Surprise! You Don’t Have To Pay As Much As You Thought On That Mortgage

by:  Peter J. Gallagher

Last week, Bank of America agreed to a multi-billion dollar settlement with upset investors who had purchased securities comprised of subprime mortgages originated by Countrywide Financial (which Bank of America acquired in 2008) and serviced by Bank of America ("Bank Of America Settles Claims Stemming From Mortgage Crisis").  Among other things, the investors claim that that Countrywide "created securities from mortgages originated with little, if any, proof of assets or income," and that Bank of America then "failed to heed pleas for help from homeowners teetering on the brink of foreclosure."  While the settlement still needs to be approved by a judge, and has already run into some opposition ("Investors Challenge Bank Of America Settlement" and "Bank Of America's Proposed Mortgage Debt Settlement Criticized"), it was generally seen as the first major concession by a bank in connection with its role in the mortgage meltdown

On the heels of this settlement comes news that Bank of America (along with JPMorgan and a few other lenders) is also taking a more proactive approach with homeowners who are not even in default.  As the New York Times reports in its article, "Big Banks Easing Terms On Loans Deemed As Risks," the banks are "quietly modifying loans for tens of thousands of borrowers who have not asked for help but whom the banks deem to be at special risk."  The article tells the story of Rula Diosmas, a Florida (of course) woman who had $150,000 shaved off of the mortgage of her Miami condominium by JPMorgan even though she did not request a modification and was not in default.  The bank explained its reasoning as follows:

Banks are proactively overhauling loans for borrowers like Ms. Giosmas who have so-called pay option adjustable rate mortgages, which were popular in the wild late stages of the housing boom but which banks now view as potentially troublesome.

. . .

Option ARM loans like Ms. Giosmas’s gave borrowers the option of skipping the principal payment and some of the interest payment for an introductory period of several years. The unpaid balances would be added to the body of the loan.

. . .

“By proactively contacting pay option ARM customers and discussing other products with better options for long-term, affordable payments, we hope to prevent customers from reaching a point where they struggle to make their payments,” Mr. Frahm [a spokesman for Bank of America] said.

The banks' efforts have not come without some critism, however, including the claim that the banks are behaving in "contradictory and often maddening ways" — showing concern for those who might get in trouble while at the same time being punished by regulators for doing a poor job modifying mortgages that are already in default.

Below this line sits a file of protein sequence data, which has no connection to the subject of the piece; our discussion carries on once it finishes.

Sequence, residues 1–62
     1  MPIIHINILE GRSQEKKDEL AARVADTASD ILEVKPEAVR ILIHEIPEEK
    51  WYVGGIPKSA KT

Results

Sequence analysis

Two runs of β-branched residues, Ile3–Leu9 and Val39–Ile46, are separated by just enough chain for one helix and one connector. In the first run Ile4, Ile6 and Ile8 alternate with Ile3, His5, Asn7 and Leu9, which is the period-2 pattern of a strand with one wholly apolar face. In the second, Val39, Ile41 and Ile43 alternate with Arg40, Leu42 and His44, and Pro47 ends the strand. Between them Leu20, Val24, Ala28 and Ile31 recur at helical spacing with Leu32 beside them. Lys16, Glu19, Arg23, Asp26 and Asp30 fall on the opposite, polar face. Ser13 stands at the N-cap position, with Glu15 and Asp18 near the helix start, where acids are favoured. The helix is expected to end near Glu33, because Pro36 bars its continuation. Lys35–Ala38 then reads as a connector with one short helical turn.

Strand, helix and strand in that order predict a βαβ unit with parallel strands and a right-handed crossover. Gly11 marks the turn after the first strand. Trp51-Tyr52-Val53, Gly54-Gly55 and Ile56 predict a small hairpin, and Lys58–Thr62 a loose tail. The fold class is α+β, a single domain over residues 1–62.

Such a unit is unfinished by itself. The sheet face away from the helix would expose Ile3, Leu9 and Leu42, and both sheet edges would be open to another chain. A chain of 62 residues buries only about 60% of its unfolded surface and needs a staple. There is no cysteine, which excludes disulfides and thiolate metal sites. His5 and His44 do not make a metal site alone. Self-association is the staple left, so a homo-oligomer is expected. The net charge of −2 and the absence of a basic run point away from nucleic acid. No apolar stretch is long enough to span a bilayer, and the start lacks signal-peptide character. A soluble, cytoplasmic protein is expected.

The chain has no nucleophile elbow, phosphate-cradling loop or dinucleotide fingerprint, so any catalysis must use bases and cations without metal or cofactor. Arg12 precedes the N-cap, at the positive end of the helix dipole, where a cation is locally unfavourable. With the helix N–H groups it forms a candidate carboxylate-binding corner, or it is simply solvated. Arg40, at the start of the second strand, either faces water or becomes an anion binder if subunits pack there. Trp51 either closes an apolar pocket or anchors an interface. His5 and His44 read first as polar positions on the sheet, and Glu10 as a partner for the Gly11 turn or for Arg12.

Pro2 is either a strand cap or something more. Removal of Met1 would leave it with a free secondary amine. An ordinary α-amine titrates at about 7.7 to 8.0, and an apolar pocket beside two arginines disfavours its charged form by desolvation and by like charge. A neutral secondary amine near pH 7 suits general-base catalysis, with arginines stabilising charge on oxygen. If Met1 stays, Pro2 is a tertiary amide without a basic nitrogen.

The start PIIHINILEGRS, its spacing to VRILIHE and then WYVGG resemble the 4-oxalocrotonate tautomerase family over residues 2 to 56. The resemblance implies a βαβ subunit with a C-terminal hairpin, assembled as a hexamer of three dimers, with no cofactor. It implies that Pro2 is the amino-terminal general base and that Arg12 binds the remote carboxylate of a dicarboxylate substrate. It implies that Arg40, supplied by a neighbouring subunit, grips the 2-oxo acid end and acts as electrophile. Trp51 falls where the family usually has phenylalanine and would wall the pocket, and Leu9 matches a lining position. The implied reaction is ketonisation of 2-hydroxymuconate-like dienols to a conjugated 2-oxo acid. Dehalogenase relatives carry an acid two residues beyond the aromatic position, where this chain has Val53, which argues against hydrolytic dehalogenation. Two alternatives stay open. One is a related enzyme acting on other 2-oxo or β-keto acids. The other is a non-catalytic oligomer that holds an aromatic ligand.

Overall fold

Chickens Continue Coming Home To Roost For Lenders And Mortgage Companies Involved In Foreclosure Crisis

by:  Peter J. Gallagher and Steven P. Gouin

Our regular followers know that many of our pieces focus on the foreclosure industry, and with good reason, as over 2 million American homes are currently in foreclosure.  Add to this troubling statistic the recent allegations of shoddy paperwork at many of the nation's largest mortgage companies and the law firms representing them, and you have the makings of a compelling story of a giant foreclosure-induced catastrophe.  While homeowners have been feeling the pain from this crisis for years now, the catastrophe struck close to home recently for many of the banks and mortgage companies at the heart of the foreclosure crisis. 

In an article entitled “Confidential Federal Audits Accuse Five Biggest Mortgage Firms Of Defrauding Taxpayers,” the Huffington Post is reporting that a recent federal audit conducted by the Department of Housing and Urban Development (HUD) revealed that five of the nation's largest foreclosure firms, including industry giants like CitiBank and Bank of America, are guilty of fraud under the Federal False Claims Act.  Specifically, the audit concluded that the banks “filed for federal reimbursement on foreclosed homes that sold for less than the outstanding loan balance using defective and faulty documents.”  According to the article, federal prosecutors are debating whether to use the audits as the basis for criminal and civil sanctions against the mortgage companies. 

At the same time, the New York Times is reporting that New York Attorney General Eric Schneiderman has requested information and documents from three major banks – Goldman Sachs, Bank of America, and Morgan Stanley – about their mortgage-backed securities operations (“NY State Investigates Banks’ Role In Financial Crisis”).  This suggests that Mr. Schneiderman may be launching an investigation into the banks' practices, which many believe led to billions in mortgage losses.  One of the most interesting aspects of the article is the suggestion that, by requesting this information from the banks, Mr. Schneiderman is “operating independently of peers from other states who are negotiating a broad settlement with large banks over foreclosure practices.”  The article notes that Mr. Schneiderman has been unwilling to join this proposed settlement because the banks are demanding that it include a clause whereby regulators agree not to conduct additional investigations into the banks’ activities during the mortgage crisis.